Grant Hill, 2001 Topps Heritage

Tracy was the story for Orlando from opening night until the club’s first-round exit in the post-season. During the summer, he had studied video of Magic Johnson to learn how to handle the ball against smaller opponents. He also watched film of Larry Bird, picking up important information on using screens. In turn, Tracy became a more complete player. He led the Magic in scoring (his 25.6 points a game ranked fourth in the NBA), rebounding and minutes played, and finished second to Armstrong in assists and steals. Named to the All-NBA First Team, he was one of only two players in the league to average at least 25 points, five rebounds and five assists. He also earned the respect of writers, who placed fourth in the balloting for MVP.

For Tracy, the 2001-02 season was an educational experience in more than one way. Several times during the year, including twice in the playoffs, pain flared up in his back. Since he had never before been slowed a serious injury, Tracy was greatly concerned by the problem. To his relief, he found the treatment to be very simple. He wasn’t getting enough fluids. Tracy now makes sure to drink plenty of water when training and during games.

Though the Magic improved by just one victory, they entered the playoffs with high hopes. The Eastern Conference had no clear-cut favorite. Unfortunately, Orlando ran into Baron Davis and the nothing-to-lose Charlotte Hornets, and fell in four frustrating games. Tracy played well, but again didn’t get support from his teammates.

Recognizing that Tracy’s skills were being wasted—and that Hill’s health could no longer be counted on—the Magic fine-tuned the club for the 2002-03 campaign with an eye toward the post-season. Shawn Kemp was signed to help out in the middle, and Jacque Vaughn was brought in to provide a new look in the backcourt. Meanwhile, Armstrong, now in his mid-30s, was shifted to a reserve role, where he could be a sparkplug. That gave Miller and Garrity more responsibility on offense and defense.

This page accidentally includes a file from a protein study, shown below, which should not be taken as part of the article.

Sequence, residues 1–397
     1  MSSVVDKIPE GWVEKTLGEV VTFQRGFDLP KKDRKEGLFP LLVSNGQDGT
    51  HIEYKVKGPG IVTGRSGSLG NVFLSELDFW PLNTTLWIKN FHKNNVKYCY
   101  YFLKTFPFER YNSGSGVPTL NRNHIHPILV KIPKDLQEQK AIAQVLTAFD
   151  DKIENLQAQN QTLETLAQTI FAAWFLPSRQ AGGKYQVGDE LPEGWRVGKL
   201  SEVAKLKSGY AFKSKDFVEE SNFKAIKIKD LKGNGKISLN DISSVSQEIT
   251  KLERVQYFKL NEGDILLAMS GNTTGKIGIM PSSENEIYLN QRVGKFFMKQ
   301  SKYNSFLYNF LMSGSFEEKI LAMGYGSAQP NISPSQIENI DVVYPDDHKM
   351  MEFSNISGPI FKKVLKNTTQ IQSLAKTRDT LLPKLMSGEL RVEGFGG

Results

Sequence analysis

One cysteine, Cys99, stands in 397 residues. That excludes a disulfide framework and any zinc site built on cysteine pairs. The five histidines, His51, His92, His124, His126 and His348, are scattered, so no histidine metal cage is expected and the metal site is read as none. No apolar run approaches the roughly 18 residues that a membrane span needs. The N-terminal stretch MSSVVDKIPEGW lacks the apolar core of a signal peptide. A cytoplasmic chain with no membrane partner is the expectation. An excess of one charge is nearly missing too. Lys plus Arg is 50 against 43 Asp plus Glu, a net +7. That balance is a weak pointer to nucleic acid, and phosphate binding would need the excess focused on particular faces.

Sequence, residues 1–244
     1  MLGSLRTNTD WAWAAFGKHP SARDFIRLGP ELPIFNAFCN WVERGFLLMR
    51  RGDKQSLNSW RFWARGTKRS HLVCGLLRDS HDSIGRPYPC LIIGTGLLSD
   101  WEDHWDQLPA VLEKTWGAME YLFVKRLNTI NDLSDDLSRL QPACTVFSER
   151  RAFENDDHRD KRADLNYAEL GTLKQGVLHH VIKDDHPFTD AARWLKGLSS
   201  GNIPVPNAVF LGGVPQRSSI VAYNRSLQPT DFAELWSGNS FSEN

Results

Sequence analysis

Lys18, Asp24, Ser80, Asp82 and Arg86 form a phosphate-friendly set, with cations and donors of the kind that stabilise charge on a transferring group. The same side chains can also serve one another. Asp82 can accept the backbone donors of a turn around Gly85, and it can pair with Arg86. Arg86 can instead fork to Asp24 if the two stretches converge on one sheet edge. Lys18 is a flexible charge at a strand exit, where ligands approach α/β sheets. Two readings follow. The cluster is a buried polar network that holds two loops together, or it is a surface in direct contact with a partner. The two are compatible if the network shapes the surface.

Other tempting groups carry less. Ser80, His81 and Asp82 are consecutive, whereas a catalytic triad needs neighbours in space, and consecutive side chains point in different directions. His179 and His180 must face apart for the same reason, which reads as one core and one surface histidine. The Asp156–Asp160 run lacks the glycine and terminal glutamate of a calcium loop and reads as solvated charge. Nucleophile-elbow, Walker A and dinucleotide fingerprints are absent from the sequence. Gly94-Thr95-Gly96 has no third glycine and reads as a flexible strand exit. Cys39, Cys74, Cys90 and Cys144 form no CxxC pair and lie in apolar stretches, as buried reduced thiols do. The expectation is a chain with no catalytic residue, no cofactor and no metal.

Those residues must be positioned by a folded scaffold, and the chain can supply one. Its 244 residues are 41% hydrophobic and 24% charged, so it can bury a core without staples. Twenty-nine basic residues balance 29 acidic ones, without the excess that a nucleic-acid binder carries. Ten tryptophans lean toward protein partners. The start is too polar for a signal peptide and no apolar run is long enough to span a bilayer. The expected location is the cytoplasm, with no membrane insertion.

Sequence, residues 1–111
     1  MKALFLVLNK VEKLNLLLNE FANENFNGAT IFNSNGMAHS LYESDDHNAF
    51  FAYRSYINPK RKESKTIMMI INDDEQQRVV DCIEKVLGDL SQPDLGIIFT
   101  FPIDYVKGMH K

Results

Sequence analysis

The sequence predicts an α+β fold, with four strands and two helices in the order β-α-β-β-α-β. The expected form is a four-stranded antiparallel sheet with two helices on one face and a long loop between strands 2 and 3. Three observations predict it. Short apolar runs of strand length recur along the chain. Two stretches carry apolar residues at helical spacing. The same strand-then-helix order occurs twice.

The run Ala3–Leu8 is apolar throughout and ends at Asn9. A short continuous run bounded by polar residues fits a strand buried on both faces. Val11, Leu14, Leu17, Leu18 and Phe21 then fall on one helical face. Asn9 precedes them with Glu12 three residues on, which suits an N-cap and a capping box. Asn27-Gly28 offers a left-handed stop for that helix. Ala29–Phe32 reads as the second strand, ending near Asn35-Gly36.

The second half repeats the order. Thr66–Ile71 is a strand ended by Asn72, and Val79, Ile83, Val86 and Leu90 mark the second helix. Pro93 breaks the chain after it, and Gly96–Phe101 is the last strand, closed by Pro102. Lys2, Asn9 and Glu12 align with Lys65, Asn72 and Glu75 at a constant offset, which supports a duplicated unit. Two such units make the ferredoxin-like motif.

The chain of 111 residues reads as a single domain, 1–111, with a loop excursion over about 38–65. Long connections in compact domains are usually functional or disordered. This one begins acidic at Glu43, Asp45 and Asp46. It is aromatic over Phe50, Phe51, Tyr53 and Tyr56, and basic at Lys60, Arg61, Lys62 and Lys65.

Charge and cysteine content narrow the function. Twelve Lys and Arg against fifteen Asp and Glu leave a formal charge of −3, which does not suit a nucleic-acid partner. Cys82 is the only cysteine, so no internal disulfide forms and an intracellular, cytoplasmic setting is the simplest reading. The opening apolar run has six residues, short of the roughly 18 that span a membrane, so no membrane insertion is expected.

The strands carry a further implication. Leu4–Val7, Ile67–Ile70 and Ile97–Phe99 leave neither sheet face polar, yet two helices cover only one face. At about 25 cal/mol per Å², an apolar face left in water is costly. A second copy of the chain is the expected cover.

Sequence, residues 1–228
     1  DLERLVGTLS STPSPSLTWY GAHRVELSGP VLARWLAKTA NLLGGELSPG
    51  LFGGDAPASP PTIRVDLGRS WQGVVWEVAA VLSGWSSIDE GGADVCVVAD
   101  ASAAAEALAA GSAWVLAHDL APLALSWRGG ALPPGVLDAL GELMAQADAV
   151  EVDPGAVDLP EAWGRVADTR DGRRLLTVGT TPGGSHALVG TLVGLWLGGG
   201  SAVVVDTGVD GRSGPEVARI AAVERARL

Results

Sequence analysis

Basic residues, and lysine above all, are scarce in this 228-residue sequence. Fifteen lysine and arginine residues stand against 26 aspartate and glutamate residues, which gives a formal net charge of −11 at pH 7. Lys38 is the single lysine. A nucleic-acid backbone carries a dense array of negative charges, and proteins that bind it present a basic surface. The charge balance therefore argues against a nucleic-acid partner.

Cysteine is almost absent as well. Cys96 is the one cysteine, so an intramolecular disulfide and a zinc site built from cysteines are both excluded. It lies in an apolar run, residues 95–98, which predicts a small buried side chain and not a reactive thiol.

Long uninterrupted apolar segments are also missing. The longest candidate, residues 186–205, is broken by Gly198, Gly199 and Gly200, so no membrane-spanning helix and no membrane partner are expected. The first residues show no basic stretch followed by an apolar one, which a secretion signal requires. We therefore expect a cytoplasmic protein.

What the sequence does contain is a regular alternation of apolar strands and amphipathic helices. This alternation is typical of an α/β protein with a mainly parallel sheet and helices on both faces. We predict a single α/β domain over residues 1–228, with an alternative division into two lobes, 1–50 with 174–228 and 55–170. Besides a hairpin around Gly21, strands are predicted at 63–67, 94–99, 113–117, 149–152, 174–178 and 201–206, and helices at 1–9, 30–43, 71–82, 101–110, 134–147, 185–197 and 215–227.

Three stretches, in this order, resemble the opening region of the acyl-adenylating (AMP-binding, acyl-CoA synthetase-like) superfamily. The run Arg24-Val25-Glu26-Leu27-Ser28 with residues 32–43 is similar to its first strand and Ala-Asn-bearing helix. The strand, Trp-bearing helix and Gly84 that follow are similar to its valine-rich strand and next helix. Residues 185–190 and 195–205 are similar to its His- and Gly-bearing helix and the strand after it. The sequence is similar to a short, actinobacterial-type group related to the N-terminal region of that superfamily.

Of course, Tracy remained the centerpiece of Orlando’s title hopes. His numbers were terrific in the season’s opening weeks—he was pouring in 30 points a night—but the Magic still had the look of a .500 club. Hill was feeling his way back, Kemp was out of sync, and an injury to Horace Grant robbed the team of his veteran savvy.

When Hill was shut down for the year in January, the team had to make a move. The Magic dealt Miller to Memphis in return for Drew Gooden and Gordan Giricec. Gooden flourished in his new surroundings, while Giricec showed signs of developing into a solid contributor.

Still, the Magic were a one-man team—albeit it a highly entertaining one. Tracy enjoyed one big game after another, including 52 points against the Bulls, 48 (and 47) against the Bucks and 46 against the stingy Pistons. He finished the year averaging an NBA-high 32.1 ppg, and also ranked second in field goals made (829), third in field goals attempted (1813), third in free throws made (576), third in free throws attempted (726), fourth in 3-point field goals attempted (448), fifth in 3-point field goals made (173), and tied for 14th in steals (1.65) and 18th in assists (5.5) (In addition, he led the Eastern Conference in the All-Star voting, then scored 29 points in the contest, including 17 in the third quarter.)